Algorithmic Equity


What is Algorithmic Equity?

The motivation behind this project is to assist in making algorithmic equity a societal standard. This means working towards a future where

  • Communities are well-versed in algorithmic literacy;

  • Detection and mitigation of bias in preliminary phases become common practice;

  • Research is used to aid systematic social and global dilemmas more often than abstract academic puzzles.

How Algorithmic Equity Relates to Law Enforcement

Algorithms often carry all the biases and failures of human, but with even less judgment. Below are a few examples of technology implemented in law enforcement.

  • Predictive Policing: Police departments in some of the largest cities in the United States have been experimenting with predictive policing as a way to forecast criminal activity. Predictive policing uses computer systems to analyze large sets of data, including historical crime data, to help decide where to deploy police or to identify individuals who are purportedly more likely to commit or be a victim of a crime. Using historical data from the United States justice system is equivalent to using data that exclusively benefits individuals of European descent and discriminates against minorities. Thus, predictive policing not only produces biased outcomes that result in over-policing in minority communities but also creates a feedback loop that further reinforces the biased result.

  • Risk Assessments: Courtrooms across the country have implemented risk assessment algorithms, which calculates the probability of an individual committing a future crime, determines bail or bond amounts, and suggests reasonable terms for punishment or probation. Similarly to predictive policing, risk assessment algorithms use historical data as a learning foundation. With this information the program generates a number, the higher the number the greater the risk of future crime. However, the program has proven to yield risk assessments with higher scores for black and brown individuals despite the lack of precedence to justify it.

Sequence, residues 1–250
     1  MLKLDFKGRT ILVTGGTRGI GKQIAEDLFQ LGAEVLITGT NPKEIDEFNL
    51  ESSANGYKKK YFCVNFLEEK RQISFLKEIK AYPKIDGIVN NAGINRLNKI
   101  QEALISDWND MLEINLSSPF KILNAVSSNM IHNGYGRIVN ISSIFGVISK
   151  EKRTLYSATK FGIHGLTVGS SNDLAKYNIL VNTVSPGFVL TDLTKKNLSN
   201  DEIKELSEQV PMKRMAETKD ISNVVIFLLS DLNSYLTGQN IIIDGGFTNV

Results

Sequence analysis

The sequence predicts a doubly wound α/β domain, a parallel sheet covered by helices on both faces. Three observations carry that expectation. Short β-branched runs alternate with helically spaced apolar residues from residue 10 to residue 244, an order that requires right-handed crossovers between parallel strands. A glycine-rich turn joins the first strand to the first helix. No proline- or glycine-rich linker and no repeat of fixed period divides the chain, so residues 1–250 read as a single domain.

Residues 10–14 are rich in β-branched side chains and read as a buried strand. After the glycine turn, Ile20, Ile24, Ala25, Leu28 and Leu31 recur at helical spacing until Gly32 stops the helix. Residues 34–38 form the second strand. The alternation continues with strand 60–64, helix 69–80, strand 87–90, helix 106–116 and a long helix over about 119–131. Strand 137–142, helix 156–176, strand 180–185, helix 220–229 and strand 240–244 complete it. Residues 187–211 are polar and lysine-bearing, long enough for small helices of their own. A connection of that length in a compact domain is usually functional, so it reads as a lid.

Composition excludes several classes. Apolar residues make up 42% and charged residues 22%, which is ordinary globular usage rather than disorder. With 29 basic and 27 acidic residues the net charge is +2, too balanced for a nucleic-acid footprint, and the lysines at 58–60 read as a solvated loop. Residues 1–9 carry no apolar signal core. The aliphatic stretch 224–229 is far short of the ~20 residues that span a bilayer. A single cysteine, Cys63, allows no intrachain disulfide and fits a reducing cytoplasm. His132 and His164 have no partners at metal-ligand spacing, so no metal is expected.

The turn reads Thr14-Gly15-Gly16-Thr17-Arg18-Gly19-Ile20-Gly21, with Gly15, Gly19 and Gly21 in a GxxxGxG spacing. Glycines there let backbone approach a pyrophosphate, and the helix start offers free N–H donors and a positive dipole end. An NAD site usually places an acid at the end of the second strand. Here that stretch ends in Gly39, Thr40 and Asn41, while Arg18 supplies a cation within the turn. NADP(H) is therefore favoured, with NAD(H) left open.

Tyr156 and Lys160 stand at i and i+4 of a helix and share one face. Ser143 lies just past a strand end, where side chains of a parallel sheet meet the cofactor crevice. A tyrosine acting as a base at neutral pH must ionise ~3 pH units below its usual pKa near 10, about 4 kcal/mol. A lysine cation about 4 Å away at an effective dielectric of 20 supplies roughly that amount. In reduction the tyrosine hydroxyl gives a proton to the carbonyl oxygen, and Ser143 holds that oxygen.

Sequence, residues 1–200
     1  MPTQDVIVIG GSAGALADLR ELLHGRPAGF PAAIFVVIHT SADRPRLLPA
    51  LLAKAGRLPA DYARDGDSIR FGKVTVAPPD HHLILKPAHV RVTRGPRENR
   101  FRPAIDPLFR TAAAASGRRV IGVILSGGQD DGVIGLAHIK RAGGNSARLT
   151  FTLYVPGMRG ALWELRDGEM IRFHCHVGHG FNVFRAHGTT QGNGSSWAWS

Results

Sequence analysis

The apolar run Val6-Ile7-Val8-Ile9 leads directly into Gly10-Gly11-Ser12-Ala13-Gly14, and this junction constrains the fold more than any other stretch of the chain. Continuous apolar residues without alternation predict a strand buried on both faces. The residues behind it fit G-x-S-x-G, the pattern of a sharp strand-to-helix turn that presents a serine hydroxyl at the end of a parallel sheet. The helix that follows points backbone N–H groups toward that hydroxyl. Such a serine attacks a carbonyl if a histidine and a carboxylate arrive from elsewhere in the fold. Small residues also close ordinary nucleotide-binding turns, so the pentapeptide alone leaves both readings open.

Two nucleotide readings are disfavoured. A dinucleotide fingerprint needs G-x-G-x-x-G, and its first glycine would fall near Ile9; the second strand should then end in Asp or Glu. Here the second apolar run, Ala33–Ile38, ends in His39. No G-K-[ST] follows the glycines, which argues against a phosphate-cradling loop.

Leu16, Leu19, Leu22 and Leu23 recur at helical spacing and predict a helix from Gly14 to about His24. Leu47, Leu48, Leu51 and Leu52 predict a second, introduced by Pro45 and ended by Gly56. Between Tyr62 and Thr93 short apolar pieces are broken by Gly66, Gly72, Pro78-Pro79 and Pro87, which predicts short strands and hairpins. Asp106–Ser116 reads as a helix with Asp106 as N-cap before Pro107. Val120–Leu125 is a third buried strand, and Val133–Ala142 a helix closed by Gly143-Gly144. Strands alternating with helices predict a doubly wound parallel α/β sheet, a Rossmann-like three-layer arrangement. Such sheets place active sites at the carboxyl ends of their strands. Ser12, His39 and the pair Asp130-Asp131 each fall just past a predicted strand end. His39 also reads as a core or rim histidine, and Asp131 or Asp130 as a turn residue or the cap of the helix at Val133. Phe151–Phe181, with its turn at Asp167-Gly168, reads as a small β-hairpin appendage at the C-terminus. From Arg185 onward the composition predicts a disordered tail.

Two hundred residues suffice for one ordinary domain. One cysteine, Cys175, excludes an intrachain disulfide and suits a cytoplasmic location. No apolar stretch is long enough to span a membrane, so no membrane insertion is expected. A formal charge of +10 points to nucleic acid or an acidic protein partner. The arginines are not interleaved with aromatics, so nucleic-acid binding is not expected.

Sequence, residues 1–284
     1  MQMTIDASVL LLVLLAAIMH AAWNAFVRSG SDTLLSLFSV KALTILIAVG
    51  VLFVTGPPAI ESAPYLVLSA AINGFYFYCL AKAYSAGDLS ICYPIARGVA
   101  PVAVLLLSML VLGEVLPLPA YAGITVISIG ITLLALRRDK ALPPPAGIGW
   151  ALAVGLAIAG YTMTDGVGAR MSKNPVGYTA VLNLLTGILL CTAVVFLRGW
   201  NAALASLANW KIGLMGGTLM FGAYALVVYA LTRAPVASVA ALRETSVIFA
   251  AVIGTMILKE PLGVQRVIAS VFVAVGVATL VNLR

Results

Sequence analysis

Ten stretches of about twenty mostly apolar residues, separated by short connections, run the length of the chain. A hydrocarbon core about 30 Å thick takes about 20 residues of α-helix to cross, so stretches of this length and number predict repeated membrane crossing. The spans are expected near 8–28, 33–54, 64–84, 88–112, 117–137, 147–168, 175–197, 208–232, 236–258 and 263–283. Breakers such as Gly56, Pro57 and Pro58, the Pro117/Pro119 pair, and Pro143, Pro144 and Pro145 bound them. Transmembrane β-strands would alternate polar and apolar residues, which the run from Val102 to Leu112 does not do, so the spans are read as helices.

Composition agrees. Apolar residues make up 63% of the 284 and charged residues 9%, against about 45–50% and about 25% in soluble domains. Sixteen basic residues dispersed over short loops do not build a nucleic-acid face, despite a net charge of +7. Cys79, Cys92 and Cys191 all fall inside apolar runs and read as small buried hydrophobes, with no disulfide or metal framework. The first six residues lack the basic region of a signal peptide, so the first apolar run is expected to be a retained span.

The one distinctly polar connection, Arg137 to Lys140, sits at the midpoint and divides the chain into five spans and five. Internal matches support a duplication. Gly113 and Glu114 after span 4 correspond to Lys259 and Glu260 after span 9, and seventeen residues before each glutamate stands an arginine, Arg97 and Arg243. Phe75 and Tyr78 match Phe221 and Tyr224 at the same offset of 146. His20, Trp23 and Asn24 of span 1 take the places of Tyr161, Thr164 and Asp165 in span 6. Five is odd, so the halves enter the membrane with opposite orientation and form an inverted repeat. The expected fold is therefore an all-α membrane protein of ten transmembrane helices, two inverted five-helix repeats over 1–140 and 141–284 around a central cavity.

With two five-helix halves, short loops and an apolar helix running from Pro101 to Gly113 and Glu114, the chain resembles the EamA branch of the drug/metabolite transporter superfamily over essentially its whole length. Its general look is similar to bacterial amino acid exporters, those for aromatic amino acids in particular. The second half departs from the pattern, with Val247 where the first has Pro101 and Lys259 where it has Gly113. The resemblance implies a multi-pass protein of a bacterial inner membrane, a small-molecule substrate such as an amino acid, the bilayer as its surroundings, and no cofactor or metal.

• Facial Recognition: Facial recognition is technology that is capable of identifying or verifying a person/entity from a digital image or video frame. The problem with facial recognition is two-fold and a double-edged sword: if it works too well, law enforcement and private technology companies have full range in mass surveillance and spying without the consent of the public; however implementing facial recognition that works too terribly, results in the mass generalization of different races and false positives for criminal profiles.

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